But it is the enduring sexuality of this film that lives on. That poster. I think you’re trying to seduce me. Anne Bancroft made the name Mrs Robinson famous, before someone else came along and invented cougar. One of the very best films of the 60s, or any era, setting the scene for American cinema’s ongoing conversation about sex.


The Meaning Of Life (1983)
Dir. Terry Jones

The biggest, bawdiest anthology comedy film ever. It’s not perfect, but there are so many great moments, it has to be included. This was Monty Python’s return to sketch comedy. Their TV show had grown in cult status and they had made two films (‘The Life Of Brian‘ and ‘The Holy Grail‘), now they were overflowing with ideas. Monty Python – Graham Chapman, John Cleese, Terry Gilliam, Eric Idle, Terry Jones, and Michael Palin – were the best of the best.

The Meaning Of Life‘ tackles big themes. Like all anthology films, the quality wavers. There’s a lot of sex – particularly the beginning, all the birth stuff. Heck, there is a song called Every Sperm Is Sacred. And the Galaxy Song is just one of the best music moments in film.

Allen has confessed to being a Python fan. None of the Python members have ever worked with Allen professionally. Maybe one day…they also have in common that they never seem to retire.


The Little Death (2014)
Dir. Josh Lawson

Our modern pick.

An anthology film exploring the deeper corners of human sexuality? That is laugh out loud funny, heartbreaking and clever? One of our favourite films in recent years is ‘The Little Death‘ – from the French term for an orgasm (Le Petit Mort). Written, directed and starring Josh Lawson, a wonderful new auteur voice, it is about a set of modern couples all trying to find sexual happiness.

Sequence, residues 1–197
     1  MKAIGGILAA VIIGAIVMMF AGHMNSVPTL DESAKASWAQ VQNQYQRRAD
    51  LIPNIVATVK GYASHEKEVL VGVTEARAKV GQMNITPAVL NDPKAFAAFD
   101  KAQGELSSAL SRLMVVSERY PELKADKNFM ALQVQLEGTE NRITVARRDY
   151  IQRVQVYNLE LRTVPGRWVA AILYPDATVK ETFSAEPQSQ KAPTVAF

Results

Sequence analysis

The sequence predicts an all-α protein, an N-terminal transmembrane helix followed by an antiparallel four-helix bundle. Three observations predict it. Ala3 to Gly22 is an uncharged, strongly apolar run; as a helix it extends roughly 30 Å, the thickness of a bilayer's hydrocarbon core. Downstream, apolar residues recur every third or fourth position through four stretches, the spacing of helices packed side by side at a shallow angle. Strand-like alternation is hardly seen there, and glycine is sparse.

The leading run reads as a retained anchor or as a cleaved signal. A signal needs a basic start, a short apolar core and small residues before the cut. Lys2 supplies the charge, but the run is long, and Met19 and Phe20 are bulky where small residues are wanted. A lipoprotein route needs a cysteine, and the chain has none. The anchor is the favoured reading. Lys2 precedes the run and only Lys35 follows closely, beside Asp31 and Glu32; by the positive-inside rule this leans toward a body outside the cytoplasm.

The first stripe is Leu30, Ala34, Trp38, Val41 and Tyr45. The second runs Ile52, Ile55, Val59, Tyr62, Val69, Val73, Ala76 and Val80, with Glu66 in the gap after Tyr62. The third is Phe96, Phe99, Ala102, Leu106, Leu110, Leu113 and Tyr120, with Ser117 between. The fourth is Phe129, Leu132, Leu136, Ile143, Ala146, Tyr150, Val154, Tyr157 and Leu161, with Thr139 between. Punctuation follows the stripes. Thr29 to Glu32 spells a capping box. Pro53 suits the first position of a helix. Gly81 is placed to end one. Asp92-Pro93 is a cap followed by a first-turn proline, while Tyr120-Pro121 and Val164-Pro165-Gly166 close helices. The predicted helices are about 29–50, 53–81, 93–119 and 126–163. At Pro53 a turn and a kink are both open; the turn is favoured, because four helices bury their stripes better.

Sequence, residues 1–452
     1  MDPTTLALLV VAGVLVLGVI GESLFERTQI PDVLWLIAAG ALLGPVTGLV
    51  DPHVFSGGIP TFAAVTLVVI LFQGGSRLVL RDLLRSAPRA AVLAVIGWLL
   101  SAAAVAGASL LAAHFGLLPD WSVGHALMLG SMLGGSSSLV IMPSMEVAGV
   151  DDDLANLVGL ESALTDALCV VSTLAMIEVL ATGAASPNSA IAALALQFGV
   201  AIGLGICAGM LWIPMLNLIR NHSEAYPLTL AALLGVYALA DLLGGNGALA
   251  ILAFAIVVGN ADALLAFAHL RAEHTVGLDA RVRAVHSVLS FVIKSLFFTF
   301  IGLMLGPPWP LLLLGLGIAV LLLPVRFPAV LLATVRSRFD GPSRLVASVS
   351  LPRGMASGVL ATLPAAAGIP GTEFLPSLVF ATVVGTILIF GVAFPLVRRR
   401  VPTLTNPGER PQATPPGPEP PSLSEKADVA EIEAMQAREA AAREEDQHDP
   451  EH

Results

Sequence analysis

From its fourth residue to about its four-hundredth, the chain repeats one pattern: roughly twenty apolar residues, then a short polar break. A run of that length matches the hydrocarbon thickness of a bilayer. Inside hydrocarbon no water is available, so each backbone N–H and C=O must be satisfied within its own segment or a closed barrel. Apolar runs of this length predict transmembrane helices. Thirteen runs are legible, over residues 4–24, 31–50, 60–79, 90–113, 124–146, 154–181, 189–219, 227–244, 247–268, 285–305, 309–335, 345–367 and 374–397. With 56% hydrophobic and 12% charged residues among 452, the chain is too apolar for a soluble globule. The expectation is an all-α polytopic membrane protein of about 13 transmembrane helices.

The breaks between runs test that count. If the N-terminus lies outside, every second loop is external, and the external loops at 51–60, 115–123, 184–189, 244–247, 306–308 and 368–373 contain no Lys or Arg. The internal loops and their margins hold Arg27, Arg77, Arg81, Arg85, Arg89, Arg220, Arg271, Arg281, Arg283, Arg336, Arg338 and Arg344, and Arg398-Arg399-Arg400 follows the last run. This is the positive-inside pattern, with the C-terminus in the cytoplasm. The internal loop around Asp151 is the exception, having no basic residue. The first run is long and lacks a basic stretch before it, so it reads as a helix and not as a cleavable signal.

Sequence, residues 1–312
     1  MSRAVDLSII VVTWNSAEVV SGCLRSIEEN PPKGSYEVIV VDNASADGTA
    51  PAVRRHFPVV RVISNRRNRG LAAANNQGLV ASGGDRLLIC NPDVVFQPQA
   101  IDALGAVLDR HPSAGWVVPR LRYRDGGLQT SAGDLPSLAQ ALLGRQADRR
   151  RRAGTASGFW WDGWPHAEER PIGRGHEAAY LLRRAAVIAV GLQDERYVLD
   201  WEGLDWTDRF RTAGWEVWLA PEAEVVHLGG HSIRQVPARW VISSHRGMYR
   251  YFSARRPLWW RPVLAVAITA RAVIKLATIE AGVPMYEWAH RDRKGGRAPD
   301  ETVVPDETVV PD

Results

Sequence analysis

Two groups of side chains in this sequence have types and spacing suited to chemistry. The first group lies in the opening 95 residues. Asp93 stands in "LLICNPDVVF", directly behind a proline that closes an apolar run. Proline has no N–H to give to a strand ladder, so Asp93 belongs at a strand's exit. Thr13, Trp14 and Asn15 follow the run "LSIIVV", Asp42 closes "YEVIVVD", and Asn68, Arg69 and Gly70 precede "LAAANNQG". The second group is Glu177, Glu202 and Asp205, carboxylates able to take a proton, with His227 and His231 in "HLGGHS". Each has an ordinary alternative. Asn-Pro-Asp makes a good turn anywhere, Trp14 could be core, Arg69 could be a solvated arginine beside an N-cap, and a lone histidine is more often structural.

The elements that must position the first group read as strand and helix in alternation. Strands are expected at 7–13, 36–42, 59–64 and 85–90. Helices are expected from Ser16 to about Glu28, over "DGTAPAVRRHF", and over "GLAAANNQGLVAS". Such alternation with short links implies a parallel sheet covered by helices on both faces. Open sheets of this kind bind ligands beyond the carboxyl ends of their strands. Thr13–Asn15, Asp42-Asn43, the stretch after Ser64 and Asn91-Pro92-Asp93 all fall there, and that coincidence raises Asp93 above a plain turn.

The humour is dark, yet touching. The roleplaying couple that get too much into the acting. Sexual attraction to crying goes too far. Made in Australia with a brilliant but largely unknown cast, it is a sweet delightful film. If you like ‘Louie‘, if you like Amy Schumer, you’ll love this.

Lawson is probably best known for his acting – he starred in ‘Anchorman 2‘ and ‘The Campaign‘. But we are eager to see more of his directing work. He’d be great for an Allen film, and for his part he’s a huge Allen fan. He even pickedEverything You Always Wanted To Know About Sex’ as his favourite sex comedy.


Masters Of Sex (2013-present)

Masters Of Sex‘ tells the story of two sex research scientists – William Masters (Michael Sheen) and Virginia Johnson (Lizzy Caplan) – whose pioneering work in the 1950s and 60s helped us all to understand sex. That sexual revolution that spawned the ‘Everything You Always Wanted To Know About Sex‘ book is playing out in this wonderful drama.

And there’s heaps of sex. Like, heaps. We are enjoying the current season a lot.

Sheen has worked with Allen, starring in Midnight In Paris. Allison Janney appeared in ‘Celebrity‘ and Helene Yorke left the show for a short while to star in the Bullets Over Broadway Musical.

Let us know your picks for ‘Everything You Always Wanted To Know About Sex‘ and if you agree with our picks. We are also looking for picks for Sleeper, which is the next film we will cover. Let us know in the comments below or on Facebook or Twitter.